Nevertheless, with yet another “final” Euro summit underway the time seems appropriate to re-address the unraveling of the Eurozone.
At the crux, of course, is Greece. The election of the centrist coalition solved nothing, If the left had won, Germany’s bluff would have been called. But, unfortunately now that particular scenario has been delayed. In the lottery for the dubious honour of becoming Greece’s Finance Minister so that the Germans could kick him and solutions down the road, Yannis Stournaras won. He was there in 1994 to negotiate Greece’s entry into the Eurozone. He may well be there on its exit.
Minister Stournaras only has a couple of moves before disintegration. Will they happen and will Germany accede? No. But, anyway, official time for Europe has expired and we’re now in the first overtime. Yannis Stournaris must resist the pressure to buy more time by extending the bailout, which will only produce more debt which will be paid to German banks in the end. Don’t extend the bankruptcy. Call the German bluff. Get a deal from Europe.
Keep in mind that all the bailout funds masterminded by the Germans are nothing more than payments to the banks, not to the Greek people. Furthermore, much of the bailout goes to allow Greek banks pay German and other European banks for loans that should never have been made. Greece’s sovereign debt problem is not being addressed and won’t be until Germany is forced into a position where it can no longer dictate its austerity program for others while maintaining its competitive advantages that were deliberately structured into the Eurozone system. Money that re-capitalized Greek banks should not be part of the national debt – that releases a bunch of Euro’s, by the way. Let the European Financial Stability Facility own the banks and do with them what they need to do.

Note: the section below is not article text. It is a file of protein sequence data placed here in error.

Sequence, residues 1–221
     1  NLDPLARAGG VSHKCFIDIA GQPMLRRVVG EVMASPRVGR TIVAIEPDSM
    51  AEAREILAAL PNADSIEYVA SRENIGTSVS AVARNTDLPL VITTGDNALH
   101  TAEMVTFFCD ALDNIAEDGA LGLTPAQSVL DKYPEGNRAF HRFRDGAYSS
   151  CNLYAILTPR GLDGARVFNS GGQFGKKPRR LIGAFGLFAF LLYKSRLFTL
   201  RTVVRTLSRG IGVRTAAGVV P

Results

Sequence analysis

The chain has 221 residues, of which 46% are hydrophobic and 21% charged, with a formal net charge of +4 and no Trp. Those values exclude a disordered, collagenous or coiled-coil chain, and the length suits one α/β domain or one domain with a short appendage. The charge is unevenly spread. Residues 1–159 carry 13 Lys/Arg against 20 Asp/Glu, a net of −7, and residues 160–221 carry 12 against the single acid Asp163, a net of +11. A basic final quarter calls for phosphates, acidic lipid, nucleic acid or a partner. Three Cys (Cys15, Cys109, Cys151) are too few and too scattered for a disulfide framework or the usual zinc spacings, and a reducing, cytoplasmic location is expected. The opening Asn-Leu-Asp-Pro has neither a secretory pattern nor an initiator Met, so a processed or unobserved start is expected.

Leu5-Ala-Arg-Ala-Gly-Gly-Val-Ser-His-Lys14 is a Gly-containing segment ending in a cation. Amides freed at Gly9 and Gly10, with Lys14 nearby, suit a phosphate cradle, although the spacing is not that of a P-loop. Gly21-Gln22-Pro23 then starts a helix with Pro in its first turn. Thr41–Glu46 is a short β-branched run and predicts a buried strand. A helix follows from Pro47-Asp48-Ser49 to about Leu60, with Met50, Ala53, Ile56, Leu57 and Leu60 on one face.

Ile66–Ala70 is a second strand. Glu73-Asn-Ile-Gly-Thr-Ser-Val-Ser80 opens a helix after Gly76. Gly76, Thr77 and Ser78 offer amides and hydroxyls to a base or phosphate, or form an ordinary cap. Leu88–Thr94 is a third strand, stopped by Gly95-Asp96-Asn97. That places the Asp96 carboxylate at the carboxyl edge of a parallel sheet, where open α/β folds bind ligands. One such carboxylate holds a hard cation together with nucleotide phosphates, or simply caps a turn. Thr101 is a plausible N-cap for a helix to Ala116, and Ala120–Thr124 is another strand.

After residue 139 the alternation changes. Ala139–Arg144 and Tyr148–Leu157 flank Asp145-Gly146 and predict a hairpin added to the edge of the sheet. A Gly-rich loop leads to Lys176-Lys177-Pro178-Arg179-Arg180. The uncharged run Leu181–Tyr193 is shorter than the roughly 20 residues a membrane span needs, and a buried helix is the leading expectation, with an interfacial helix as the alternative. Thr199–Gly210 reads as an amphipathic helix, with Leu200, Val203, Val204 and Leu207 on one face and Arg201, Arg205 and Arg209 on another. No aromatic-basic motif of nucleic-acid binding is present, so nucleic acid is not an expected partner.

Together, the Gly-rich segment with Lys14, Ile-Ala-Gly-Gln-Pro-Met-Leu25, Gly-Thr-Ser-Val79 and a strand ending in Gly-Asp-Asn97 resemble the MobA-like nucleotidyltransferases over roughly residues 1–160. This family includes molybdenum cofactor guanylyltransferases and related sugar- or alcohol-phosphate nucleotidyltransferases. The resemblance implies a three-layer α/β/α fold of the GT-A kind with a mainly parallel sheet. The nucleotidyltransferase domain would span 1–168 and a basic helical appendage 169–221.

Everyone, including the Germans, are now talking about a growth strategy. Well, let’s say growth returns in one or two years. Until that time there should be no payments required on the loans. After growth begins to appear, payments can be resumed with a ratio pegged to growth.
To be clear, I don’t think any of this will happen as Germany, and Germans, seem to forget that their growth is dependent on buyers and as usual are forgetting that their economic strength lies only in exports. Losing buyers in Europe by sticking to an inane austerity policy is just plain stupid. What they are doing is saving the banks and abandoning the people.
What Germans and the German government refuse to admit is that the Euro ship and its economies are sinking fast and, like the Titanic, it will take down the wealthy and the poor, those who are industrious and those who are not. Their attitude and solutions are Hooveresque without the quaintness. He and his government, in response to a rapidly disintegrating economy in the US, moved rapidly to reduce government expenditure, and cut wages. He was an idiot then and Merkel and company are the idiots today.
Finally, and what makes the Eurozone almost problematic at this point, is that Chancellor Merkel wants to create a German Europe; every nation should live, work and apply its governance according to German rulebooks.
Merkel and many (if not most) Germans have an annoying tendency to patronize the southern tier, telling them to “do their homework” for example, so that they can all become good little Germans. This is nothing more than a tool to bring all of Europe under German leadership. The word “rule” might be too harsh. Maybe. However, this makes Germany a threat to the Eurozone and Europe – not Greece, Italy, Spain or Ireland. So everyone else in Europe needs to decide if they want to live under German leadership or resist.
Merkel keeps saying that she and Germany will do whatever it takes to save the euro; except that every plan presented by others has been vetoed to satisfy German voters, German banks and the German press. Oh, and yes, national interests.